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Phil Clarke, born in Norwich in 1922 became interested, it is said, in speedway when Max Grosskreutz took over as promoter of his local speedway team the Norwich Stars in 1937.


Taking the opportunity to take amateur rides he began to polish his skills and working towards his aim to become a professional speedway rider however his progress was halted by World War II when he, like so many other, joined up to serve their country, Phil choosing, or being directed to, the RAF.


When the speedway tracks got back to running teams again after the end of hostilities Phil Clarke was offered a trial at the Norwich Club and by 1947 it was deemed that he was now ready to take his place in the Norwich Stars team, because the then team captain Bert Spencer was unable to ride due to a injury, Bert’s loss was Phil’s opportunity because although he was the team reserve he got a place immediately, his debut in the team was the sort you would dream about, as a total newcomer to the professional scene he scored 7 points helping his team to win their match against Newcastle. At the next match he did even better scoring 11 and a little latter in the season he achieved his first maximum.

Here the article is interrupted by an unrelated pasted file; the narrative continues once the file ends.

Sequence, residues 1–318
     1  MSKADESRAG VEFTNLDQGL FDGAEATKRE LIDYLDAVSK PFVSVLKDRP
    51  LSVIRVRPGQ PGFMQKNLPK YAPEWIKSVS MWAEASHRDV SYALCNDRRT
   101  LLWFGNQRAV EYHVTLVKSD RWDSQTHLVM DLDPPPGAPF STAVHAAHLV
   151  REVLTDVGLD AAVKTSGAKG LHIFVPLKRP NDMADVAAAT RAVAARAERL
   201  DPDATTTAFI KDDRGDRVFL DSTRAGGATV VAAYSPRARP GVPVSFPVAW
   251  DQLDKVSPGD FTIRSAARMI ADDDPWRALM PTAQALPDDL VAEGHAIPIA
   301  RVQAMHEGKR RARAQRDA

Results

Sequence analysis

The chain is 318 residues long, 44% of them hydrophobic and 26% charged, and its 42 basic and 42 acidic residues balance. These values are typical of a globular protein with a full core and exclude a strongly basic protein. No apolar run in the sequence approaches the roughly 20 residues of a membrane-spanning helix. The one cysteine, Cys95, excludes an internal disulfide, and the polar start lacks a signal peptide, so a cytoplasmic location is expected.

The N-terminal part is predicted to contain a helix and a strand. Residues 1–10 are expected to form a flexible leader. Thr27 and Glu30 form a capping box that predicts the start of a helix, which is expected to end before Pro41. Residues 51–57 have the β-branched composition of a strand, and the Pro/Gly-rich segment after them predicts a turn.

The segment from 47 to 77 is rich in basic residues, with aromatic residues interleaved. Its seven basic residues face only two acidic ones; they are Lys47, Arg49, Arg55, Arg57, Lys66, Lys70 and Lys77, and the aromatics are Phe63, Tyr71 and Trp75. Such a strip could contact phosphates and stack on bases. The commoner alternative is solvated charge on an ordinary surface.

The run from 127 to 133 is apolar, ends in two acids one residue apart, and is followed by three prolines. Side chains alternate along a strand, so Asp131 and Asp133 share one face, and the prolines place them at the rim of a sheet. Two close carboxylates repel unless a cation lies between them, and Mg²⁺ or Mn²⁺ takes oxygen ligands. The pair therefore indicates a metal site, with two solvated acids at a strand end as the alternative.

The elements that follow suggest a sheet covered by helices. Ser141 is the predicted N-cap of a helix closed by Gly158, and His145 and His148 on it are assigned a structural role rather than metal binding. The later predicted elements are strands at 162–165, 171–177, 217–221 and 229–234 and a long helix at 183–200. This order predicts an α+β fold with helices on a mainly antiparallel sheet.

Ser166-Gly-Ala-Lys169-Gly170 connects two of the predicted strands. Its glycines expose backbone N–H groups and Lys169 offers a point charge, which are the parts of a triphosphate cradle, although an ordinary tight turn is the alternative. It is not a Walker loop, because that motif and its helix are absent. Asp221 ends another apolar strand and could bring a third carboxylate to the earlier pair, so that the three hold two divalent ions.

That may have been his first season but he started the way he intended to continue, his riding ability went from strength to strength, becoming the team Captain in 1951 he supported and encouraged his team to the top of their division and they gained promotion to the Top Division.


Following his retirement he started Autobody in Wymondham, he was, by all accounts an excellent engineer and the frames (Clark Frames) he built were second to none, supplying frames to George Greenwood for his spares business. He was also said to be a wizard at panel beating and for a hobby took an interest in restoring vintage motorcycles and furniture making.


Phil Clarke, a member of the World Speedway Riders’ Association died in 2010 at the age of 88, a loss to his many speedway friends who describe him as a modest gentleman.


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Phil Clarke